Fight Song

Fight Song,

Joshua Mohr, 250 pgs, Soft Skull Press,, $15.95

We meet unhappy middle-aged suburbanite Bob Coffen as he teeters on the cusp of a murderer’s row of crises: the failure of his marriage, alienation from his kids, soul-death at his once- loved, now rote video game designer gig and a generalized loss of control over… well… everything.

Author Joshua Mohr sends his protagonist on a weekend-long odyssey of self-discovery and fully-immersive, Tom Robbins-inflected whimsy in a last-ditch bid for redemption. Through compressed, weirdly-titled chapters —“Scroo Dat Pooch”; “You are my testes-hero” — Bob encounters a twice-kidnapped marriage-counselling magician, drive-thru phone sex, truth serum lasagna, a French language Kiss cover band led by a janitor, virtual urban bestiality, and the list goes on and on and on. The problem is, all this industrial-strength irreverence, while mostly hilarious in microcosm, is eventually exhausting in the aggregate. There is no dynamic variation; the quirk always goes to 11.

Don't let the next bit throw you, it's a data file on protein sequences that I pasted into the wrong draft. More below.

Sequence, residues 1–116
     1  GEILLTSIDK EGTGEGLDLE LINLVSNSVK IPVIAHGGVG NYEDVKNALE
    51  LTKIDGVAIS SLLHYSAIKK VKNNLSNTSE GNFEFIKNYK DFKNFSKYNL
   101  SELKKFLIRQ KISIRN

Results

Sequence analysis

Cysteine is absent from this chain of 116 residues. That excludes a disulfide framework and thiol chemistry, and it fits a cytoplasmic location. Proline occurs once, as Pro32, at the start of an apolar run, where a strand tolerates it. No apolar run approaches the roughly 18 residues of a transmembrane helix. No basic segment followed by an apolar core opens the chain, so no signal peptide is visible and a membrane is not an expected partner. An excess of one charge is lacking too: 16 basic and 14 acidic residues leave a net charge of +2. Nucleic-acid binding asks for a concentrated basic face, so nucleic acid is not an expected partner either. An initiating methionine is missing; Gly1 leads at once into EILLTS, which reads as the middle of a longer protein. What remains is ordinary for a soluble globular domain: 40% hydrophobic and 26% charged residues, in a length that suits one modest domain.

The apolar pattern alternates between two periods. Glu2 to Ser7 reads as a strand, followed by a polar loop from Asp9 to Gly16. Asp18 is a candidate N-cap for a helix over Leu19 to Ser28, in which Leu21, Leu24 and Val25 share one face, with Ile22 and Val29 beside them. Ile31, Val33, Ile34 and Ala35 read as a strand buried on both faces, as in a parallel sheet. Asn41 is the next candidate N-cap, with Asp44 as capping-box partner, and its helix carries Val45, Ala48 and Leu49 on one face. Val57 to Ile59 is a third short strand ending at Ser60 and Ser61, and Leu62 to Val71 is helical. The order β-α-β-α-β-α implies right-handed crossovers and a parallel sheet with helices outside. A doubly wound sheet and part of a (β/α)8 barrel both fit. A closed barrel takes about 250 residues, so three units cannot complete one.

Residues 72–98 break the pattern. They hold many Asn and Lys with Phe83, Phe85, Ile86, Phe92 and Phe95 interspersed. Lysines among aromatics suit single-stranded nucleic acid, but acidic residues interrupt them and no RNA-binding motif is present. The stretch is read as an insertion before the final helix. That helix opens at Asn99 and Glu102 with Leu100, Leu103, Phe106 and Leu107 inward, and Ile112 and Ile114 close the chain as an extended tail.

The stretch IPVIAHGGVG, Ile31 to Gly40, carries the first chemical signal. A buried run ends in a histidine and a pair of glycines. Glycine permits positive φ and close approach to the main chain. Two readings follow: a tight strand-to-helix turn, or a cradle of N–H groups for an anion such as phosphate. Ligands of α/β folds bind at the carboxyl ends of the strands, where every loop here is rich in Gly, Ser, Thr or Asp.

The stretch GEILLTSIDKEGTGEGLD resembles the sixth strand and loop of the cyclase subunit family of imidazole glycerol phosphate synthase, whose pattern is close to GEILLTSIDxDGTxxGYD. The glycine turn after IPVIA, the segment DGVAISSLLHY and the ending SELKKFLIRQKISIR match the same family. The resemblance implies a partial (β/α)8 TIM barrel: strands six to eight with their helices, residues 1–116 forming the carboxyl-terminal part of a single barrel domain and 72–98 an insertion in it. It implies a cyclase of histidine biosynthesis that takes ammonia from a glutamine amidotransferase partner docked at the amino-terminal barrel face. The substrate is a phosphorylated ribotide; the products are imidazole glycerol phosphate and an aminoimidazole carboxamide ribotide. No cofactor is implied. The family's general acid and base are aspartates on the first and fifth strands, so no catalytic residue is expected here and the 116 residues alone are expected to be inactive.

In fairness, Mohr has some fairly sizable fish to fry at points, offering both an indictment of capitulatory, dream- stifling suburbia, and a plea to punch through our prevailing iPad/video game-mediated sensibility of artifice and detachment. And, as exemplified by a recollection of Bob’s damaged mother dealing with his father’s desertion by means (improbably) of pickled goods, he’s capable of ginning up genuinely affecting scenes of emotional heft. But this serious spadework is always sublimated to the prime directive of outlandish eccentricity.

Fight Song ends with a wacky meteorological anomaly that is both giddily uplifting and conceptually confusing; is Bob supposed to give his head a shake and engage with the real world or isn’t he? As ever, effect trumps theme.

Mohr has imagination for days, but maybe not yet the superego to control it. If he can harness his powers for good, there is a sensational book in him. For now, this feels a bit like a beta test. (Paul Duder)

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